Alexandria, VA

After years of relying on the Virginia’s SMART SCALE grant program to fund transportation projects, changes in the program’s scoring criteria could leave that well dry for Alexandria.

At a Transportation Commission meeting on Monday, Nov. 20, city staff warned that new criteria under consideration by the Commonwealth Transportation Board could shift transportation funding away from existing urban centers like Alexandria and instead favor less dense locales.

“Because road widening projects in other jurisdictions did not score well and were not funded, VDOT has been tasked with re-examining the scoring criteria,” staff said in a letter to the commission. “Many of the changes put transit, bicycle and pedestrian projects at a disadvantage, and projects in denser areas in general.”

The city received $57.2 million in funding in 2019 for the design and construction of bus rapid transit routes in the West End and $50 million for the enhancement of southwest access to the Potomac Yard Metro station. But changes would impact criteria used to prioritize which transportation projects should receive funding.

Staff told the commission at the meeting that the change they’re most concerned about is regarding land use in the scoring criteria. Currently, staff said the program scores existing land uses and densities as well as consideration of changes in density, while the new criteria would prioritize areas that are becoming denser rather than those where density currently exists.

“We feel that severely penalizes places like Alexandria that are already densely built,” staff said.

The criteria would also take into consideration traffic congestion on weekends, where currently projects are only assessed by rush hour congestion. That would hurt Alexandria, which has plenty of rush hour traffic but not as much congestion on the weekend.

“We feel that hurts areas suffering from regional congestion rather than local congestion,” staff said. “That makes it harder for projects in these areas to score well.”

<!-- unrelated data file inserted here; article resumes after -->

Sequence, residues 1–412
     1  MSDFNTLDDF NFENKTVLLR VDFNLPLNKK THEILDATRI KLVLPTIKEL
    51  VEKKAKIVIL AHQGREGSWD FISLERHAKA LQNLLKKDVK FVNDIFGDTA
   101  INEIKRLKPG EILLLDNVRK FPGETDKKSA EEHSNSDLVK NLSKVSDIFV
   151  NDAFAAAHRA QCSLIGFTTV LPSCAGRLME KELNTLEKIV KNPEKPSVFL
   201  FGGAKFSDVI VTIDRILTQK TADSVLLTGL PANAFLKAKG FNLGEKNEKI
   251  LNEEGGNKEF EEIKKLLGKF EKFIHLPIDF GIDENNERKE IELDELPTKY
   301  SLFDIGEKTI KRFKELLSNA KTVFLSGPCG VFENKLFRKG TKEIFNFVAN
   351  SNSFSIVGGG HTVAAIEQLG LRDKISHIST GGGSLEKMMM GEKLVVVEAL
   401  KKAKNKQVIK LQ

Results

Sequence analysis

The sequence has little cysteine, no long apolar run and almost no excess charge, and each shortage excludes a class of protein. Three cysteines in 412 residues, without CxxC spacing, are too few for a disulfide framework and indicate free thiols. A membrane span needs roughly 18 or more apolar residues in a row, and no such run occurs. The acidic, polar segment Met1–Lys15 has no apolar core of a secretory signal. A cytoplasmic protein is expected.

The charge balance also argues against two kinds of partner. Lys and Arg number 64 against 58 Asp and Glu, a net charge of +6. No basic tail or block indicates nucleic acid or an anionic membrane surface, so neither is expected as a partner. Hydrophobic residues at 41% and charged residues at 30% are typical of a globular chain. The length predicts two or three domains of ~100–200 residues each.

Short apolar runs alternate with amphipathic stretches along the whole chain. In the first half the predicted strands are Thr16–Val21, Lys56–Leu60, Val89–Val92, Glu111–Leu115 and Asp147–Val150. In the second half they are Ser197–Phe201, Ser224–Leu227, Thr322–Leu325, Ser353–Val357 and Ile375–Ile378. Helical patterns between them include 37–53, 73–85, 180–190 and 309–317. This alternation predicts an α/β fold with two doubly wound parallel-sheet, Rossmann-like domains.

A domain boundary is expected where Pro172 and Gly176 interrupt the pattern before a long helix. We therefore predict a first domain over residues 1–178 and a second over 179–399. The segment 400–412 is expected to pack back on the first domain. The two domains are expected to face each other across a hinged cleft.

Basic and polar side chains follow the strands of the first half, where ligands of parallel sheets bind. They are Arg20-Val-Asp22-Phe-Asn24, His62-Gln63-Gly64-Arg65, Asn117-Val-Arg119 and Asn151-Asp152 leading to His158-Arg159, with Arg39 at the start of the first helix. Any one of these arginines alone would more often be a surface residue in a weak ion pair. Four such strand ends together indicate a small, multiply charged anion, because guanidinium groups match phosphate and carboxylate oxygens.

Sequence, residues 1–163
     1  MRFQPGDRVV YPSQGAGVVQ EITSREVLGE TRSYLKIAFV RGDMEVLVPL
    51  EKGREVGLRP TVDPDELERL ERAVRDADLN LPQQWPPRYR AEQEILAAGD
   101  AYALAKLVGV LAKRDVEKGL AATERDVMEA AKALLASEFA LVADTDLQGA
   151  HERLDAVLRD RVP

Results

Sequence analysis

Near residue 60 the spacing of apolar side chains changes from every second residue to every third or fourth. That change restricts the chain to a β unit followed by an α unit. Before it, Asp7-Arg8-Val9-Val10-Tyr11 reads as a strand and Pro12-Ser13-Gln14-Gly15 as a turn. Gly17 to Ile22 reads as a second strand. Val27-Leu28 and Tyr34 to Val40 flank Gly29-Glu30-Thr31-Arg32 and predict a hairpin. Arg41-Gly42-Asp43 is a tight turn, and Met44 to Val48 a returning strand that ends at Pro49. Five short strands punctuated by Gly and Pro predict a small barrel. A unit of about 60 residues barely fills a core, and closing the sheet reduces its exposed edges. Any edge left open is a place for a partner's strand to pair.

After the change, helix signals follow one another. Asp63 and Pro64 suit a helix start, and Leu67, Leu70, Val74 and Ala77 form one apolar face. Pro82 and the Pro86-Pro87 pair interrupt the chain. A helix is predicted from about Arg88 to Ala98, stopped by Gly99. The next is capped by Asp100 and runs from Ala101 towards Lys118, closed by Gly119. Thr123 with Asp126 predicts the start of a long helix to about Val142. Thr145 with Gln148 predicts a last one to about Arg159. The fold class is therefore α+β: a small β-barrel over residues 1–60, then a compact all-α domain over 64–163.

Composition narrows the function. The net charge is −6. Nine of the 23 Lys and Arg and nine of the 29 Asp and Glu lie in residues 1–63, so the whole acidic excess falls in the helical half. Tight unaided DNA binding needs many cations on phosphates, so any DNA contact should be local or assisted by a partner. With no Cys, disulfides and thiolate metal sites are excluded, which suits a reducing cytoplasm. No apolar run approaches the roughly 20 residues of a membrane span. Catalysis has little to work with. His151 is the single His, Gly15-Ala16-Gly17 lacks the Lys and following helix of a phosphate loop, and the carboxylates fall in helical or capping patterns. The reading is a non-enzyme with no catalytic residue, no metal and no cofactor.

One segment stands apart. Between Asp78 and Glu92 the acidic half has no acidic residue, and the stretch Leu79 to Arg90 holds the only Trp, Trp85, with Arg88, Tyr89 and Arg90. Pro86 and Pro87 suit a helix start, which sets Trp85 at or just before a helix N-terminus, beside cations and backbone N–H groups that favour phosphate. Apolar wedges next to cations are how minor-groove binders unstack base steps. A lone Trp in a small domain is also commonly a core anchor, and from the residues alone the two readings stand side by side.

Staff says the criteria changes would prioritize the number of crashes over the severity of crashes, so intersections that see more fender-benders would be ranked higher than intersections that have had multiple fatalities. This principle goes against the Vision Zero goals adopted by the city, staff said.

City staffers told the Transportation Commission that bus rapid transit projects and bicycle-pedestrian projects would be negatively impacted by the changes in criteria.

“The current list completely omits any mention of bicycles and bicycle safety, even as more people statewide are biking,” staff said. “[The Commonwealth Transportation Board] should include bicycle safety and infrastructure projects (such as striping for bicycle lanes, road diets, etc.) as eligible low-cost, high-benefit improvements.”

Staff encouraged the Transportation Commission to approve a drafted letter opposing the criteria changes. No action was taken at the meeting, so that commission members could make changes and sent the letter within the next week.

Staff photo by Jay Westcott

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